In my Functional Medicine practice I treat mostly women and see certain themes repeating themselves – particularly inflammation and autoimmune conditions, stress and anxiety, weight, and hormonal problems. While patients who come to see me get completely individualized health plans, including herbal plans, there are some herbs that I use so often that I can recommend them as generally beneficial to most women. I thought I’d share the 5 herbs with you that I recommend the most frequently based on the most common conditions I treat: hormonal imbalances, fatigue, weight problems, stress and mood issues, autoimmune conditions, thyroid disorders, fertility challenges, digestive disorders including IBS, skin problems, and sleep troubles, among others. The herbs below can be used alone or in any combination with each other to help with many of these conditions either directly, or by supporting your immune system and reducing stress. Of course, there are literally hundreds of other amazing herbal medicines I use in my practice – this is just a sample, but I think you will find these of great benefit in a variety of health situations and it’s a great way to get started using herbs in your life.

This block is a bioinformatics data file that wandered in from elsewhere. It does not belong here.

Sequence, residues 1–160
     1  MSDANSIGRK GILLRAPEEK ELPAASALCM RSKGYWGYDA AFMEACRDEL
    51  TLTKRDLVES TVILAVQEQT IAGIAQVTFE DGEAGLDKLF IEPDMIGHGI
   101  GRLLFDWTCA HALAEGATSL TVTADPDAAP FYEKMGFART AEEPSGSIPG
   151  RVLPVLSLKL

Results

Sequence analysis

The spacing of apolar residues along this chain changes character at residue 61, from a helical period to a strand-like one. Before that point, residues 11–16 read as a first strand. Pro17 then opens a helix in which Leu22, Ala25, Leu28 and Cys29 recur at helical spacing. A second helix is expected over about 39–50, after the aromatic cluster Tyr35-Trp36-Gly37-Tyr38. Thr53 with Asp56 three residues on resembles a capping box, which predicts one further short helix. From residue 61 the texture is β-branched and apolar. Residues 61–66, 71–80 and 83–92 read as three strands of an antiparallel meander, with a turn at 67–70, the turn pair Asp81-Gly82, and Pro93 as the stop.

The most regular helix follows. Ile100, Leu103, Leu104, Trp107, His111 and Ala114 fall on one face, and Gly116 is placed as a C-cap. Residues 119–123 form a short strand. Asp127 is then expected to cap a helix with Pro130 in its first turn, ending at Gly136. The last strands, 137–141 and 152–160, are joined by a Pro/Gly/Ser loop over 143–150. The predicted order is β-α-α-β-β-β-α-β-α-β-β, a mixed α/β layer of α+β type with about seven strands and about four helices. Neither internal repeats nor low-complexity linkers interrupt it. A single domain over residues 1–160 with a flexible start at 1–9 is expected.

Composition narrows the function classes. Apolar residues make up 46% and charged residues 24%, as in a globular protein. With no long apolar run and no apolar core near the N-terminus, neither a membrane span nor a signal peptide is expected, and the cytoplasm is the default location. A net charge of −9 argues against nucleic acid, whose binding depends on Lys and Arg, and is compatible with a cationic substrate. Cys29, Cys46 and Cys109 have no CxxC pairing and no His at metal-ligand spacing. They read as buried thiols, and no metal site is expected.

The herbs below are generally safe while you are taking most medications; there is some concern about interactions between curcumin and blood thinning drugs, so please check with your doctor first if you are on an anticoagulant medication. The following herbs are all safe while breastfeeding. However, I don’t recommend rhodiola and ashwagandha in pregnancy, not because they have been proven unsafe, but just because safety data really isn’t available on use in pregnancy. Chaste berry, or vitex as it is also called, used to be considered not for use in pregnancy, but the latest data suggests that it is safe and may be continued or started if needed for hormonal support.
Aviva’s Top 5 Herb Picks for Women
Curcumin is the active anti-inflammatory ingredient in turmeric. While eating turmeric is certainly health promoting, when it comes to preventing and treating inflammation and supporting your body’s natural detoxification abilities, the more concentrated form of the herb, curcumin is the way to go. I use it for women with leaky gut syndrome, allergies, eczema, joint pain and swelling, and most autoimmune conditions. It is also a good general health promoting herb that supports detoxification from environmental chemicals.